Poyais was a gift from George Frederic Augustus I, King of the Miskito Sambu tribe, who gave their name to the Mosquito Coast of Central America. It was quite a gift; 8 million acres of virgin rain forest, chocked full of lumber, or, if cleared, crop land perfect for growing sugar cane, cotton or tobacco, according to McGregor. A small group of British adventurers were already at work, overseeing natives constructing the new capital city of St. Joseph. What was needed now, explained hero McGregor, were settlers not afraid of hard work and sacrifice, and, of course, a few patriotic investors willing to fund another expansion of the profitable British Empire.
McGregor secured his “in” with English social circles when in 1821 he named the very proper Major William John Richardson as his legate. Together they opened an embasy in London, and in Scotland they began offering Poyais farmland at bargin prices, as “…an asylum only for the industrious and honest.” Almost overnight they sold some 200,000 pounds worth of Poyais bonds.
The publics’ hunger for information on Poyais was fulfilled by Captain Thomas Strangeways, who penned a book describing the Mosqito Coast as free from tropical diseases, and blessed with fertile soil, which lay atop uncounted veins of gold and silver. In September of 1822, the Honduras Packet set sail for Poyais with 70 settlers, and a chest loaded with new Poyais currency. This was followed, in January, by the ship Kennersley Castle, with another 200 settlers, this time mostly doctors, accountants, and lawyers. Ah, if they only knew that Captain Strangeways was actually the non—plume of Gregor McGregor.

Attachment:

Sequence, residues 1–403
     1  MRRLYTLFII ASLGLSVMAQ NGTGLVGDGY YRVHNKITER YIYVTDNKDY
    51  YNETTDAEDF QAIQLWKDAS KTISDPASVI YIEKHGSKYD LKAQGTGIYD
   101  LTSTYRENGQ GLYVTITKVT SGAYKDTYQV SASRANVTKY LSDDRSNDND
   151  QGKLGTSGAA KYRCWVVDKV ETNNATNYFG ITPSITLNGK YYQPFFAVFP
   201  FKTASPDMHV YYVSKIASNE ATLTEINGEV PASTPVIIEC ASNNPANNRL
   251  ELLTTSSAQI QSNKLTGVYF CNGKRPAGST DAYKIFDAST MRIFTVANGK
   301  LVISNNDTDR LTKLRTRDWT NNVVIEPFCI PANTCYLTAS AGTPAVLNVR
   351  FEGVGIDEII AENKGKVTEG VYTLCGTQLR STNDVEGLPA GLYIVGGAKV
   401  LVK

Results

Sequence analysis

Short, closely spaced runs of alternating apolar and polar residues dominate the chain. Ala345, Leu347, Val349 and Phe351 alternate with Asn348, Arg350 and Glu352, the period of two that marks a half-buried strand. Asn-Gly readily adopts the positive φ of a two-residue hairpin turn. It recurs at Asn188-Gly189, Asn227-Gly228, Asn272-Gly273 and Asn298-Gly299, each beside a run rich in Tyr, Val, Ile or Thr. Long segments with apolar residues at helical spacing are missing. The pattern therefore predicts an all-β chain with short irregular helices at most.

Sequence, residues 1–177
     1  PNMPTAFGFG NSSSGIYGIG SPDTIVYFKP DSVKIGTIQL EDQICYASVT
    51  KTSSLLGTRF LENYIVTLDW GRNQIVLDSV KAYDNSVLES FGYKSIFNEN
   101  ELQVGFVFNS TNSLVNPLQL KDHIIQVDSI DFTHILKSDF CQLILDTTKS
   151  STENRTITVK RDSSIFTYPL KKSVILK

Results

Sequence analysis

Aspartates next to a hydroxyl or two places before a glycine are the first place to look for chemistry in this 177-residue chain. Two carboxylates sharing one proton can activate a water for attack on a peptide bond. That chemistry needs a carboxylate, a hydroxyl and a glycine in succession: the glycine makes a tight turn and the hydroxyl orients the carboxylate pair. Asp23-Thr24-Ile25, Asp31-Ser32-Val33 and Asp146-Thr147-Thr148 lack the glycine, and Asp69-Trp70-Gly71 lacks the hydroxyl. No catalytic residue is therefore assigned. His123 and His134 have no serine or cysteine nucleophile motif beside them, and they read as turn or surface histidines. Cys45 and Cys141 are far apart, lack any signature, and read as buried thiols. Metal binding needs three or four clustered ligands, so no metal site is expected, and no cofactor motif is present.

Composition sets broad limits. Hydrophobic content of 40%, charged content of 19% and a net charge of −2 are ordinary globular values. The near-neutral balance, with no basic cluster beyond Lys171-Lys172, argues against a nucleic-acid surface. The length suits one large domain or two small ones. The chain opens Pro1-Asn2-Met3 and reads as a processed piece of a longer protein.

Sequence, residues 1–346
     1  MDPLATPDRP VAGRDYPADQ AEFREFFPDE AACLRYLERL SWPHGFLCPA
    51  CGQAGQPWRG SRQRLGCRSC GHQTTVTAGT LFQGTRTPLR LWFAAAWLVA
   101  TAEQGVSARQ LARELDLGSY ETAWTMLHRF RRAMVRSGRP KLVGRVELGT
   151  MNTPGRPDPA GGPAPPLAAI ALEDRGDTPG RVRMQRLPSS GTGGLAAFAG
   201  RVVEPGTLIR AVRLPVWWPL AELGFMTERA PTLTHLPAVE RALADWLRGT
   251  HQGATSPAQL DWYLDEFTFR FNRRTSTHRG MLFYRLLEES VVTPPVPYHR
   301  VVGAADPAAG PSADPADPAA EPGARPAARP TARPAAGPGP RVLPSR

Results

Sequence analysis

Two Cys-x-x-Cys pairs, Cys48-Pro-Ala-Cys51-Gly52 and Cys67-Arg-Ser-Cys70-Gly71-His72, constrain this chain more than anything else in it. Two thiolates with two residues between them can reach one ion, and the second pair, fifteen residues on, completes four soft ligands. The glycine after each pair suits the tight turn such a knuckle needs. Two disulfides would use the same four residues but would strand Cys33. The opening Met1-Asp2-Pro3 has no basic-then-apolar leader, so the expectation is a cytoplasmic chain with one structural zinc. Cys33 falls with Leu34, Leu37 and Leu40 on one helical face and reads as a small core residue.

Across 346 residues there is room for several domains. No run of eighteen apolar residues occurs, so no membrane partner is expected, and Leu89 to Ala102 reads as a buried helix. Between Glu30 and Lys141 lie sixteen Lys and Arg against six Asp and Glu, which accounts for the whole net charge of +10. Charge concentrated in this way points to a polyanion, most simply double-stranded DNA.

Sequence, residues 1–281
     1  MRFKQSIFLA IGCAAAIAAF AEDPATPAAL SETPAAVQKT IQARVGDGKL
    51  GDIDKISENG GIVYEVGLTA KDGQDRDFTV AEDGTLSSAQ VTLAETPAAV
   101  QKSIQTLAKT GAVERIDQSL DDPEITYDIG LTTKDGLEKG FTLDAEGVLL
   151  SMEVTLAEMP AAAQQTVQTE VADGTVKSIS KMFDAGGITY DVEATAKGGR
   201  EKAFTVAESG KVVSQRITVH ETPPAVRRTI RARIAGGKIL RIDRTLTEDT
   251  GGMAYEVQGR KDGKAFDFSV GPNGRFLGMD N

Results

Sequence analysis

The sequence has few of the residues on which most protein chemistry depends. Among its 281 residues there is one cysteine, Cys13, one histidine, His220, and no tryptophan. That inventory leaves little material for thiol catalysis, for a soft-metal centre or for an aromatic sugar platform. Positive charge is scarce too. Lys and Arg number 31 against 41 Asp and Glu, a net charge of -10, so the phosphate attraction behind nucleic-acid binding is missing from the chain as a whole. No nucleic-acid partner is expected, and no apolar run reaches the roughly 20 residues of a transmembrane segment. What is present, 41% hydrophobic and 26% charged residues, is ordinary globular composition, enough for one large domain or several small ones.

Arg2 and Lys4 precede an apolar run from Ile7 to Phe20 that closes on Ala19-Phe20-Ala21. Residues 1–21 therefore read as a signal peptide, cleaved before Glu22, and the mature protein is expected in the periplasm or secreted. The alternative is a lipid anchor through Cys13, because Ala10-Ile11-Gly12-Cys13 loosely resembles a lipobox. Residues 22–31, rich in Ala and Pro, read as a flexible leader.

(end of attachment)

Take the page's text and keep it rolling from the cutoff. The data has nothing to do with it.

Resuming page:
On March 20, 1822, the Kennersley Castle arrived off the mouth of the Coco River, dividing modern day Honduras and Nicaragua. What they found were survivors of the Honduras Packet. There was no city of St. Joseph, under construction or otherwise, and no farm land. However there was malaria, and plenty of it. The Kennersley Castle dumped the settlers on the beach with the first bunch and sailed away.
Many of the white collar crowd refused to even help build their own shelter, because they had been lied to. The remainder tried to scratch their survival out of the unhappy land. One, a shoemaker, just lay down on his cot and shot himself. And everybody began to suffer from malaria. A month later who should arrive but King George Frederic (yes, he was real) aboard an English ship. He now admitted he had signed away the land after Gregor McGregor had gotten him drunk. But he now announced that he was revoking his gift. And that was the end of Poyais - in reality. In October 50 survivors made it back to London, and reported the story in full – sort of. Some of the returning survivors even signed a letter saying that after it all they still believed in Gregor McGregor. Human beings are such messy creatures. However Mr. McGregor was not there to defend himself. He had already moved on to Paris, where, in August of 1825, he issued a new constitution for Poyais, and secured a new 300,000 pound loan through a British bank. He immediatly started selling more farms in this tropical paradise that sounded too good to be true. The non-existant citizens of Poyais must have been thrilled to learn they now lived in a Republic.
In December of 1825 Gregor McGregor (above) was arrested by French authorities. In January 1826, from his Paris prison cell, he issued a proclamation to his fellow South American potentates. It took two trials, but in July Gregor McGregor was found… not guilty. Only his compatriots in crime were convicted. I guess it always pays to hire the best lawyers, particularly when you pay them with other people’s money.